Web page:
To determine what switch you are connected to (this is only known to work on Cisco switches as it replies on CDP (Cisco Discovery Protocol) but may also work on others), run the following command under Linux.
tcpdump -nn -v -i <INTERFACE> -s 1500 -c 1 ‘ether[20:2] == 0x2000′
This may take 30 seconds or so to come back but will give you switch information including the IP address.
tcpdump: listening on eth0, link-type EN10MB (Ethernet), capture size 1500 bytes 17:17:12.805388 CDPv2, ttl: 180s, checksum: 692 (unverified), length 448 Device-ID (0x01), length: 24 bytes: 'testprodsw1.server01.com' Version String (0x05), length: 247 bytes: Cisco IOS Software, C3560 Software (C3560-IPSERVICESK9-M), Version 12.2(53)SE1, RELEASE SOFTWARE (fc2) Technical Support: http://www.cisco.com/techsupport Copyright (c) 1986-2010 by Cisco Systems, Inc. Compiled Fri 12-Mar-10 16:54 by prod_rel_team Platform (0x06), length: 20 bytes: 'cisco WS-C3560G-24TS' Address (0x02), length: 13 bytes: IPv4 (1) 18.104.22.168 Port-ID (0x03), length: 18 bytes: 'GigabitEthernet0/6' Capability (0x04), length: 4 bytes: (0x00000028): L2 Switch, IGMP snooping Protocol-Hello option (0x08), length: 32 bytes: VTP Management Domain (0x09), length: 0 byte: '' 1 packets captured 1 packets received by filter 0 packets dropped by kernel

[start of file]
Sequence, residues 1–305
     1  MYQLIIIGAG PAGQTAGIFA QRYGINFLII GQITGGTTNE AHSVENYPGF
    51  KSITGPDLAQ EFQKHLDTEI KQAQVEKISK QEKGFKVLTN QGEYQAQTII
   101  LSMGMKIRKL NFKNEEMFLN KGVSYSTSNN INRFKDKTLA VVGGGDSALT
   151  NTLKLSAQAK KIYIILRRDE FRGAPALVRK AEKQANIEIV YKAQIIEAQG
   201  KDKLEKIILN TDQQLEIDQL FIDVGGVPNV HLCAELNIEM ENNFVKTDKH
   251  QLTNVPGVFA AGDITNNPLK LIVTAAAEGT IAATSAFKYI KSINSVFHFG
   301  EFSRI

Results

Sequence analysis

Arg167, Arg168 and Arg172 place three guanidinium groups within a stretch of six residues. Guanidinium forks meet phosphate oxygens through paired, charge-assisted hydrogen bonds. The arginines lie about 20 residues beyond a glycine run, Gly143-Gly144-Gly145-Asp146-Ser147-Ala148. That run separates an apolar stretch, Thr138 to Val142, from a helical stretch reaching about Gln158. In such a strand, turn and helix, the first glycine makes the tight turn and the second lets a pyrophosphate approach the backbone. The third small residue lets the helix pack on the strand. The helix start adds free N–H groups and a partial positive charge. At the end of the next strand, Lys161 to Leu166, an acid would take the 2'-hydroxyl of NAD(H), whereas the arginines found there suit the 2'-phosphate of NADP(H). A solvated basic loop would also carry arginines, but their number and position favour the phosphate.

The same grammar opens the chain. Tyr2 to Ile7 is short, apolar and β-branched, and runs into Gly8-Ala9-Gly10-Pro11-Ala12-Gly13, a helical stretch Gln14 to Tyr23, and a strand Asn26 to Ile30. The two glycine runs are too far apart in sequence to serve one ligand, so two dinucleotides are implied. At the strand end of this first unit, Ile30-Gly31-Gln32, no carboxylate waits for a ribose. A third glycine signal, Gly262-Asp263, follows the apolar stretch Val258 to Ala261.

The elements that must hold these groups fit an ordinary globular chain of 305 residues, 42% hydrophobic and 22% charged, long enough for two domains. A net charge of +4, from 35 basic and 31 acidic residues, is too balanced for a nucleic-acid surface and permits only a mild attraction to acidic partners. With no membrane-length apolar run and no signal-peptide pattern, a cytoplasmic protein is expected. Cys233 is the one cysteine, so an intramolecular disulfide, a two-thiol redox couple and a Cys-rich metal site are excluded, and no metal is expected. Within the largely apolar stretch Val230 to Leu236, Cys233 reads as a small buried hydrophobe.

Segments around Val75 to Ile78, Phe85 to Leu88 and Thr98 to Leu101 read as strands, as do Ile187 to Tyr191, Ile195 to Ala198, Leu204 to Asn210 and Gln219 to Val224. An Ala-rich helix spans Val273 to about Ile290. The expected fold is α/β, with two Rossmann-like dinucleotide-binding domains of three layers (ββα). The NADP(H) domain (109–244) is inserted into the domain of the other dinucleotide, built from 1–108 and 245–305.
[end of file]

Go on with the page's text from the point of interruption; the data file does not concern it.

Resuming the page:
We hope you find this article informative. Please share it with your friends, colleagues, and on all your favorite social sites. Let us know what interests you, and we will write it. Don’t forget to leave a comment.